How to Prune Organic, Bare Root Fruit Trees

How to Prune Organic, Bare Root Fruit Trees


Welcome! I’m Tricia, a California organic gardener, and it’s wintertime – that means it’s time to prune the fruit trees. Except, a word of caution: don’t prune your cherry trees and if you
live in Northern California, don’t prune your apricots, those should wait till the summer
when they’re less susceptible to disease. The goal of pruning is to have a mature
tree that’s easy to harvest a little bit low growing and very productive. Today
I’m going to prune my brand new peach tree. The structure of the tree is very important. You want a low, strong structure, one that’s conducive to good fruit
production and easy harvest. Just picture a wine glass, a red wine
glass, or a tulip you want the tree to grow out. Llook for branches that cross over each other like this one, or branches that grow into the tree those are the branches that we are going to be pruning. We’re going to talk about two types of
cuts. The first one is a heading cut. A heading cut is where we cut above an outward facing bud.
The outward facing bud is going to be the outward facing branch which is going to create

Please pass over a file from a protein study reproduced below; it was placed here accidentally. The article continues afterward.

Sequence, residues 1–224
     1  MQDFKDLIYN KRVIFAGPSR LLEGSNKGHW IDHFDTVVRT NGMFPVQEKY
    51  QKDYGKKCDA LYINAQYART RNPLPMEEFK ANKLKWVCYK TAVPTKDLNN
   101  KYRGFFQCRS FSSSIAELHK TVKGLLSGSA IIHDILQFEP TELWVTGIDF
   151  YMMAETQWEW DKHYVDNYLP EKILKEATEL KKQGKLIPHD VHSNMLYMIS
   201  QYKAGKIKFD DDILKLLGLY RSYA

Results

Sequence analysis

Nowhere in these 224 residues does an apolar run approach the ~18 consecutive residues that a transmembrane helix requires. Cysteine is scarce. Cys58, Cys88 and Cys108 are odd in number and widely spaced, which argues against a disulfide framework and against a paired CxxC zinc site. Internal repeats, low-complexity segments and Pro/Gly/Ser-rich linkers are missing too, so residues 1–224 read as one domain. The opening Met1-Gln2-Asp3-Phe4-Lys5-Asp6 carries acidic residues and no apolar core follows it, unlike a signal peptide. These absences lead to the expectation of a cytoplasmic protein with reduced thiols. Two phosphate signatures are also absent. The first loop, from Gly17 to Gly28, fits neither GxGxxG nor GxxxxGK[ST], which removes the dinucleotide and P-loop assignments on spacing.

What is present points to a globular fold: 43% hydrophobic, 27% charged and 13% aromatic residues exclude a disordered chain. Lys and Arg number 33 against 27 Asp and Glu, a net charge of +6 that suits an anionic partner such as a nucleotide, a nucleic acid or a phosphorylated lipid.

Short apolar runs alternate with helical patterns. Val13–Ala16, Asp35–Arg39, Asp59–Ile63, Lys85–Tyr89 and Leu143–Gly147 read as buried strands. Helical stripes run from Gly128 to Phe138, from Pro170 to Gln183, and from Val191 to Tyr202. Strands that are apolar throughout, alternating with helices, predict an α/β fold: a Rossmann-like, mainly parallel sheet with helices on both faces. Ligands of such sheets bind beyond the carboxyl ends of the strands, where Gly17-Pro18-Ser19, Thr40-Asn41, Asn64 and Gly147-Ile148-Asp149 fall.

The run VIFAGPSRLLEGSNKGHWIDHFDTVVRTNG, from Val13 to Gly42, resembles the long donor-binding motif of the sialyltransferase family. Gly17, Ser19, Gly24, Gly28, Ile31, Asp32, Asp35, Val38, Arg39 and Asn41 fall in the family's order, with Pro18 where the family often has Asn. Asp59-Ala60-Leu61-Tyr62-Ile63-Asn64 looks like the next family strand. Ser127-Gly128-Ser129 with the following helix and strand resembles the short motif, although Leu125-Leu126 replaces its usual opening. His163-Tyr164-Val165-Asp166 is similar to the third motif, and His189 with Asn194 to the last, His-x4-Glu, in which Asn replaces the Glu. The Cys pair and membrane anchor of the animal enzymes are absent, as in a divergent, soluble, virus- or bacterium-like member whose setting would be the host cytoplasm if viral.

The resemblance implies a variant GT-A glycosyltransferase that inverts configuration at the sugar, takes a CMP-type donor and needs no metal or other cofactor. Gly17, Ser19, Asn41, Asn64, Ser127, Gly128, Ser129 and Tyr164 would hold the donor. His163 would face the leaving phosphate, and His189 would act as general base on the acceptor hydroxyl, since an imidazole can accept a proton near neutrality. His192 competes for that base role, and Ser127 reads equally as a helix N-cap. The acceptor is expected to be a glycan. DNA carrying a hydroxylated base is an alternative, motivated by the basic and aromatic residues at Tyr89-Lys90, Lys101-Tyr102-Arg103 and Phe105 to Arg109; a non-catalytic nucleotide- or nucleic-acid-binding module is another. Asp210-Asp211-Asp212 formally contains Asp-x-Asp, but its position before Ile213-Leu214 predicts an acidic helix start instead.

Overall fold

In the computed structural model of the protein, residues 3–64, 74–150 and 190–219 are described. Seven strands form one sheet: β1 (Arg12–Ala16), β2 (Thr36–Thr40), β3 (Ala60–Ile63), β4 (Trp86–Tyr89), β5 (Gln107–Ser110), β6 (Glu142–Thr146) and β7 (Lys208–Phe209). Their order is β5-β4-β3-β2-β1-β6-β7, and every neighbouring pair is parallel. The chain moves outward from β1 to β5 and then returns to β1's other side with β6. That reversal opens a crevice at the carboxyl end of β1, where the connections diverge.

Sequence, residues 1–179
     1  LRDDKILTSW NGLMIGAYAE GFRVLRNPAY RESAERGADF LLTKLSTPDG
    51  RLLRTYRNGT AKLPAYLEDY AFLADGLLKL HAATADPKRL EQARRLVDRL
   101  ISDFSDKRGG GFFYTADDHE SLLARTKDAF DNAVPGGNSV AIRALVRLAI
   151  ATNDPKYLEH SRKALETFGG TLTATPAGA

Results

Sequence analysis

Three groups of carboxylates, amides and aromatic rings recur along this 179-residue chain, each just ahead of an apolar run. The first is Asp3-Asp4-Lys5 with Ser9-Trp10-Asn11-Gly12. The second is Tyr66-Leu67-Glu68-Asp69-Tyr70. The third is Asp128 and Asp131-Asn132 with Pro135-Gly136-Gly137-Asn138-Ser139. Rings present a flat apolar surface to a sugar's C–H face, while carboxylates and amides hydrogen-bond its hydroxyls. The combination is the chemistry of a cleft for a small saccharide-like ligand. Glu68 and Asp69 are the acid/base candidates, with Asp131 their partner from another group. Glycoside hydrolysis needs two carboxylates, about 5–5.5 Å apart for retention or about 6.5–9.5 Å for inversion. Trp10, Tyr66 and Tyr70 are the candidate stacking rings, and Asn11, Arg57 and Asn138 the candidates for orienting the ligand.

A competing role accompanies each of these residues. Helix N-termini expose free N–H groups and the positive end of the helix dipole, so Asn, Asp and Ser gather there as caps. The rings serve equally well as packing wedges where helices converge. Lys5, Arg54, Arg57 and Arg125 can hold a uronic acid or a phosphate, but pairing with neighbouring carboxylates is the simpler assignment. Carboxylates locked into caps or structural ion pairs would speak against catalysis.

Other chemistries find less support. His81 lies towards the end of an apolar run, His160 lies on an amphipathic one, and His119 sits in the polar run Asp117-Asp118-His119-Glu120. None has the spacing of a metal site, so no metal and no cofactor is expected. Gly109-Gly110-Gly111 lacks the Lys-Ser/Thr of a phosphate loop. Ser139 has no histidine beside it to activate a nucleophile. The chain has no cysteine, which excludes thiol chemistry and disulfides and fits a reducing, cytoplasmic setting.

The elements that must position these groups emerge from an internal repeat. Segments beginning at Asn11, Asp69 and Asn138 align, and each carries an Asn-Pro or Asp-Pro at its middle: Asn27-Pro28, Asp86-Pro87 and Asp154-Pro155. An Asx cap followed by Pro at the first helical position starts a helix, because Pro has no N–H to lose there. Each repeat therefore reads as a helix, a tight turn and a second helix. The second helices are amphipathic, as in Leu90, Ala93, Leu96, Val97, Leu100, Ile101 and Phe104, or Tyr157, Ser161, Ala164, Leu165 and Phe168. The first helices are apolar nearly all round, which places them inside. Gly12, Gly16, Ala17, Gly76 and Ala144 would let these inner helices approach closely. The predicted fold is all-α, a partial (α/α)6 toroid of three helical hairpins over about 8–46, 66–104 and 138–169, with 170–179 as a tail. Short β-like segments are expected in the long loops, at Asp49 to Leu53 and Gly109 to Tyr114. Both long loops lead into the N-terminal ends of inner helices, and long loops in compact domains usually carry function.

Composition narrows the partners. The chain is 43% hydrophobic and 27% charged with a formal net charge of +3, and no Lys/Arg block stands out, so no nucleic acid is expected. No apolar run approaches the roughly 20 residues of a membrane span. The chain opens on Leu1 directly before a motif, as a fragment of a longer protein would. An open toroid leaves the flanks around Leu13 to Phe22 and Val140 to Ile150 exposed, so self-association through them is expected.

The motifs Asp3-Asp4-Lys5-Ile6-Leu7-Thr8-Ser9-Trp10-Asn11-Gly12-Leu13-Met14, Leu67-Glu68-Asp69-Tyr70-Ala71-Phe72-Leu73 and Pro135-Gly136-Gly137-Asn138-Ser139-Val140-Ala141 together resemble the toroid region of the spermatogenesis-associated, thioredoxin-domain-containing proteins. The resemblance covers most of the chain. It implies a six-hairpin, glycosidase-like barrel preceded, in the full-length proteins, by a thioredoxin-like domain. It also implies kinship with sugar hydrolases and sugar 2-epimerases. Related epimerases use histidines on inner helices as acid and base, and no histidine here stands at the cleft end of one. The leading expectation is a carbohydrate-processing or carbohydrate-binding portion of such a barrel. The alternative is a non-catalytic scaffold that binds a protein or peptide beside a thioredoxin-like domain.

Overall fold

that red wine affect for us, if we cut above an inward facing bud we’re going
to have a branch that grows back into the tree we don’t want that. So the kind of cut I’m going to use is a thinning cut and the second type of cut that we’re going to demonstrate notice the collar that goes around the branch that’s attached to the trunk. You want
to make your cut as close to the collar as possible without
cutting into the collar. You also don’t want to cut too far out because then you’ll leave a stub. Because this is a newly planted tree
and i want to really control the structure and the growth I’m going to cut the trunk off and I’m going to cut it off anywhere
between my knees and my waist. I just want to make sure that we have at least three
to five good strong lateral branches coming out
below the cut. So I know it seems scary but you just have
to go for it So now we can select which branches
to keep and which branches to cut and the important thing to consider is the angle
of the branch off the tree you want to keep branches that are about
forty five degrees from the trunk and you don’t want to keep branches that are
less than forty five degrees or maybe even a little bit more than forty five
degrees. Well, I’ve made a decision on what branches I
want to keep and what branches I want to cut based on having a nice balance on
the tree. I’m gonna put a ribbon around the branches I’m going to keep and I’m going to cut the rest. I’ve labeled the branches that I’m going to
keep and I’m going to cut the branches that i don’t want to keep and my newly pruned peach tree! I hope that was helpful! Next time we are going to be talking about natural dormant spraying so until then Grow Organic for Life!